Bracketing

Posted by Gary Ramey on July 30th, 2012

What Is Bracketing?

Backeting is taking several shots of the same subject using different exposure settings. Usually three shots are taken.

  • The exposure the camera thinks is correct
  • One shot darker
  • One shot lighter

Any of the settings that affect exposure (aperture, speed, ISO) can be used to manually bracket shots.

Why Bracket?

The main reason I bracket is to produce three shots that can be merged together as an HDR image. When bracketing to create an HDR image, don’t change the aperture — just change the shutter speed. If you change the aperture, you will also change the depth of field in each of the bracketed shots. Changing ISO could introduce digital noise. Since HDR images are already noisy, reducing digital noise is the better choice. When bracketing for HDR, exposures are usually 1-2 stops  apart. I have successfully used 3 stops between exposures.

Another reason to bracket has to do with lighting conditions. If your camera is having problems finding the best exposure, you can turn on bracketing so that you have a range of exposures for every shot. When bracketing to get the best exposure, use more subtle settings. Depending on your camera, you can set the bracketing to 1/3 or 1/2 stops between exposures.

Automatic Exposure Bracketing (AEB)

Automatic Exposure Bracketing is a special setting in your camera that causes the camera to take three different shots. You determine the number of stops that will be inbetween each shot. AEB changes just the shutter speed to create the different exposures.

You may have to dig into the menus of your camera to be able to turn on Automatic Exposure Bracketing. The location may change from model to model whithin the same product line.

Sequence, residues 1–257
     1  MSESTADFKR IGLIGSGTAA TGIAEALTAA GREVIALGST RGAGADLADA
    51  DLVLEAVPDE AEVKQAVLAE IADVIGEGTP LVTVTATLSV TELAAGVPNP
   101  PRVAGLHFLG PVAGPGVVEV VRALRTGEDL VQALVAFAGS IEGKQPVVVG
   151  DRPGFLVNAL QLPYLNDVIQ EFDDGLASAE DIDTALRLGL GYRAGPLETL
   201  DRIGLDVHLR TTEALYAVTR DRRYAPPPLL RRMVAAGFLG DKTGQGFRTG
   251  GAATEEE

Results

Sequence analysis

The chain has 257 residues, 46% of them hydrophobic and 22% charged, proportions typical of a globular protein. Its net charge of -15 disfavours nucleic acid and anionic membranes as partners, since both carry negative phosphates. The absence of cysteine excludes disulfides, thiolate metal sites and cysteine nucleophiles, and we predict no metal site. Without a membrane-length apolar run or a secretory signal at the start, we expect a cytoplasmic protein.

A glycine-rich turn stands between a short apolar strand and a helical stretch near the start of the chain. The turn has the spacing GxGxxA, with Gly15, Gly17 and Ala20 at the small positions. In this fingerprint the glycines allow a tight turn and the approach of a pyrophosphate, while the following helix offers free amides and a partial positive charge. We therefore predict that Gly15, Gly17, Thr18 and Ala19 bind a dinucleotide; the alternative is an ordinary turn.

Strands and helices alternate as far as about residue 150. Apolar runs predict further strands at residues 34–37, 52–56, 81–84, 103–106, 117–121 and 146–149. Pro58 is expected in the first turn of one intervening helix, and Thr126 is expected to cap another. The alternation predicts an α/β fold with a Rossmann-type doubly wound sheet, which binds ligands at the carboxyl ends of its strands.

One of the features I like the most about my Canon 60D is that it remembers that I have turned on AEB even when the camera is turned off and back on. My Canon T1i didn’t do that. Every time I turned off my T1i, I had to go back into the menus to turn AEB back on. Another advantage of the 60D is that you can change the order of the shots. Instead of the exposure the camera thinks is best coming first, the darkest shot comes first. This is especially handy if you are taking more than three exposures of the same subject.

Continuous Shooting (Burst) Mode

Continuous shooting mode and bracketing go hand in hand. By turning on continuous shooting mode, you only have to hold down the shutter button in order to take all three bracketed shots. Without continuous shooting mode turned on, you would have to press the shutter button for each shot.

By turning on AEB and continuous shooting mode, you can take three shots in a row with one press of the shutter release. Sometimes, three shots aren’t enough to capture the full range of light in the scene. For instance, it is possible for the sky to be nine times brighter than the land. There are times when I have taken nine exposures. If you want help deciding what speed to use when taking more than three bracketed shots, use an iPhone/iPad app such as PhotoBuddy. Read my review of PhotoBuddy. This clever app can calculate the speed settings required to take many exposures without overlapping exposures.

View some of my HDR images.

 

Leave a Comment





*